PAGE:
It's the Thought That Counts: On Perceiving How Helpers Decide to Lend a Hand
Coauthor(s): Daniel Ames, Francis Flynn, Francis Flynn.
How do people react to those who have helped them? The authors
propose that a recipient's evaluation of a helper's intentions and
the recipient's own attitudes about future interactions with the
helper depend partly on the recipient's perceptions of how the
helper decided to assist: on the basis of affect, of role, or of
cost-benefit calculation. When a recipient perceives that the decision
was based on affect (i.e., positive feelings about him or her),
he or she will be more inclined toward future interaction and
reciprocation than if he or she perceives the decision as based on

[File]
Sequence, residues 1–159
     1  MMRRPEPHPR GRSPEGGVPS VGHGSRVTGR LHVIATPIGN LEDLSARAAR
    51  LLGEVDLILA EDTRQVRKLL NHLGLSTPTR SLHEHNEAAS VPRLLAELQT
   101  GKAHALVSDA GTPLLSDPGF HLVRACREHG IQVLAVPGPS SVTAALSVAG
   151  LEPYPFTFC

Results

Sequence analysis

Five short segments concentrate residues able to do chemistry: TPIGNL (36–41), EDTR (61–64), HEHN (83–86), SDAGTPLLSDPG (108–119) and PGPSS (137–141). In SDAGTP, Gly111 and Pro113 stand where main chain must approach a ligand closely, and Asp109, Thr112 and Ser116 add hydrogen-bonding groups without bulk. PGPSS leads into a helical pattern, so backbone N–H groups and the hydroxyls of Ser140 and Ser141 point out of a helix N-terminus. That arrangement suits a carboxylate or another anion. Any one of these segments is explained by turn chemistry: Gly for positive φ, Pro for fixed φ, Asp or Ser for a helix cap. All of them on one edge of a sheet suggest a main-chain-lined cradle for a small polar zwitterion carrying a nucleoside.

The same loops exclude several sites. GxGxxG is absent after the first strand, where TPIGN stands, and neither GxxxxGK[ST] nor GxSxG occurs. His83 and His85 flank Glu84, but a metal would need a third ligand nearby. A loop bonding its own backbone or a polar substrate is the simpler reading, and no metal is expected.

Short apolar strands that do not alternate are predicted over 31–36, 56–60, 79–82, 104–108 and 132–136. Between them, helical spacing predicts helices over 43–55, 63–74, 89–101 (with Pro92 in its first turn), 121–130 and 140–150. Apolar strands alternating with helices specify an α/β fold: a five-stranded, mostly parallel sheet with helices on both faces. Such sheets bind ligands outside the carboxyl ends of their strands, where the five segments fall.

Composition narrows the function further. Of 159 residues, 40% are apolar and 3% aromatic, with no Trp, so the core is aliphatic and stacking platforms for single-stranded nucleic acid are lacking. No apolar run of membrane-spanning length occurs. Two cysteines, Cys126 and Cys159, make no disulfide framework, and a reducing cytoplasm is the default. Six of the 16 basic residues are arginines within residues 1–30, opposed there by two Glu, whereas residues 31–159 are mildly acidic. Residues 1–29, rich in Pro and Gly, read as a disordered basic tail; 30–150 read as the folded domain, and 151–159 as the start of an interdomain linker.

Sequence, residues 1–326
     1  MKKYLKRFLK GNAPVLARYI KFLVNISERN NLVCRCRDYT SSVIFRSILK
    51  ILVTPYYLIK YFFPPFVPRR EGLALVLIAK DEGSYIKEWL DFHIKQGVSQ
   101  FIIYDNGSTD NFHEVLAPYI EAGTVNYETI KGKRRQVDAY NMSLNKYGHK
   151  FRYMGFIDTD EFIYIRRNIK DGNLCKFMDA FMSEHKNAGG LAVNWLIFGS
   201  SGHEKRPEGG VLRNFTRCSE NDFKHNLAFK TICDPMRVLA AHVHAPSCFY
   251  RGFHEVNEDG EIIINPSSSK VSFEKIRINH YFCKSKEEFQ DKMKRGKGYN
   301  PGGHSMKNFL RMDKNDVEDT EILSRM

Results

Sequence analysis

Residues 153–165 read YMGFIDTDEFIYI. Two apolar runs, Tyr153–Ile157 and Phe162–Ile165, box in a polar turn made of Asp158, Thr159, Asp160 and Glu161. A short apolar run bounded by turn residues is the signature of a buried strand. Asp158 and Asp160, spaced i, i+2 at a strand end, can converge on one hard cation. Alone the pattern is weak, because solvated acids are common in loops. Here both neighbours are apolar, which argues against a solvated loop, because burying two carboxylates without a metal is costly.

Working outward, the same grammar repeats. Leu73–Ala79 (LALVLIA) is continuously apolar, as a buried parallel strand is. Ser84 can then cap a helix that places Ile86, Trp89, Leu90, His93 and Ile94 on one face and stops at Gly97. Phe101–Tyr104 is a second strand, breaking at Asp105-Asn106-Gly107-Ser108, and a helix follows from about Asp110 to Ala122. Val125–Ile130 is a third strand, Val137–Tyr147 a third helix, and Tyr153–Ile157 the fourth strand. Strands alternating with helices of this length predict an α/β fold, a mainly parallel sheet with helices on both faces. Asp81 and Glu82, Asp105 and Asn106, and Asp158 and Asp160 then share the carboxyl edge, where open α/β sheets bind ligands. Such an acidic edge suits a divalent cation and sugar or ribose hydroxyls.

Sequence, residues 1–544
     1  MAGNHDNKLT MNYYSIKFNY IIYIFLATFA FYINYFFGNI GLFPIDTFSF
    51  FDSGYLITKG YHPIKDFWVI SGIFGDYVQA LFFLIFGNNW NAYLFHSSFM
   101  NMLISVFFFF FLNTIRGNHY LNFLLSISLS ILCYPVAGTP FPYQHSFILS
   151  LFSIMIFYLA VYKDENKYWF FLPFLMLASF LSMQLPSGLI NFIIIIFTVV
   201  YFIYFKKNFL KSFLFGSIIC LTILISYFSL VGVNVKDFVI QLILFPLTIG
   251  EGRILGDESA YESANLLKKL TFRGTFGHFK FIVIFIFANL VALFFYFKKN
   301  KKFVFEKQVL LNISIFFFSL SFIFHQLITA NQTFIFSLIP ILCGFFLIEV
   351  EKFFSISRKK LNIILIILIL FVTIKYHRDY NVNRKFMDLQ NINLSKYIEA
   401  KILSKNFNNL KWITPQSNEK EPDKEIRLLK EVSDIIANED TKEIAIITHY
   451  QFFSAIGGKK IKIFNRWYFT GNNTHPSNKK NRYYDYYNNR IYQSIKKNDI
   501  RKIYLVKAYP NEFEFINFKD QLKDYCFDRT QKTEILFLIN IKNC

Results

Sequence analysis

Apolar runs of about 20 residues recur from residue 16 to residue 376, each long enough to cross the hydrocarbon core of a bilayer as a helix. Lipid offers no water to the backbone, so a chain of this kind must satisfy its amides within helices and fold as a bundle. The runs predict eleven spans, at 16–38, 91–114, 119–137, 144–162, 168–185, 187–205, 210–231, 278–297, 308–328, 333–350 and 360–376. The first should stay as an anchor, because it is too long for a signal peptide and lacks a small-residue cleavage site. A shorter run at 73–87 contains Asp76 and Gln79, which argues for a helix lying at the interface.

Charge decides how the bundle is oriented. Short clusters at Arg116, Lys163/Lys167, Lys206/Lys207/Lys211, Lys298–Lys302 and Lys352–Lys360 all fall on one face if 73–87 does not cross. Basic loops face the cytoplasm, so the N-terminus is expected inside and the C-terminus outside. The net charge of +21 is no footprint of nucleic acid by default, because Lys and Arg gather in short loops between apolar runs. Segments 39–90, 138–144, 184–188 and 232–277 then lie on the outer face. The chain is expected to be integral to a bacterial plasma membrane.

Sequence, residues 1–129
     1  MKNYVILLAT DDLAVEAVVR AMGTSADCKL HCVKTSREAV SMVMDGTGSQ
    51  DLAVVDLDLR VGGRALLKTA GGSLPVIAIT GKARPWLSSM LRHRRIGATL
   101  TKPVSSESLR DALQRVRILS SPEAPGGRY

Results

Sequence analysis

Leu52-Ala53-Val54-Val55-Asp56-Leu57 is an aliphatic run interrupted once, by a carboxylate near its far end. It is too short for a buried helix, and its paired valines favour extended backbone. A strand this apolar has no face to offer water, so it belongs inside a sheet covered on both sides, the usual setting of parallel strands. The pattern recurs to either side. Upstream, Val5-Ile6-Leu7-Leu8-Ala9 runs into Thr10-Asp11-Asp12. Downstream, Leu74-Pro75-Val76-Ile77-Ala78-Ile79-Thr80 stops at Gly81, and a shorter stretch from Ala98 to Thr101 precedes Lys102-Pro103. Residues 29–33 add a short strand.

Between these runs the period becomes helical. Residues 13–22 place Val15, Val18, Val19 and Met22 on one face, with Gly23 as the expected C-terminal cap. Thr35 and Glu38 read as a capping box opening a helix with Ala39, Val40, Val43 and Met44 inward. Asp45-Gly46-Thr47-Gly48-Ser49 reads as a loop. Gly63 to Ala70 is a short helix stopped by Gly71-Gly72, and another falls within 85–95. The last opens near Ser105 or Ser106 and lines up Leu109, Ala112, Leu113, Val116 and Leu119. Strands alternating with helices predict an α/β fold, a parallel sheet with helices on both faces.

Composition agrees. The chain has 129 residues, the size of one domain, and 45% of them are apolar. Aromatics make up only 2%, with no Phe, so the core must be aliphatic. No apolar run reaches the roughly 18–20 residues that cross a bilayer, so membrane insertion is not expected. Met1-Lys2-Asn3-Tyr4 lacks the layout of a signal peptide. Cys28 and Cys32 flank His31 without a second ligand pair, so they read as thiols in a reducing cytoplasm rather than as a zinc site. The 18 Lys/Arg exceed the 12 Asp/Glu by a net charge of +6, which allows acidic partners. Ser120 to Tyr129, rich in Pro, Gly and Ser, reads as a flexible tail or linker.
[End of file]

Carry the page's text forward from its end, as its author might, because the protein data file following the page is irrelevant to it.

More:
role or cost-benefit calculation. It is proposed that these "decision
modes" signal the helper's underlying attitudes about the recipient,
which in turn, clarify their relationship. A boundary is also
identified: The negative impact of apparent cost-benefit thinking
is greatest when the amount of help provided is small. Predictions
are confirmed in four studies of actual and experimentally
manipulated helping episodes.
Source: Personality and Social Psychology Bulletin
Ames, Daniel, Francis Flynn, and Elke Weber. "It's the Thought That Counts: On Perceiving How Helpers Decide to Lend a Hand." Personality and Social Psychology Bulletin 30, no. 4 (April 2004): 461-74.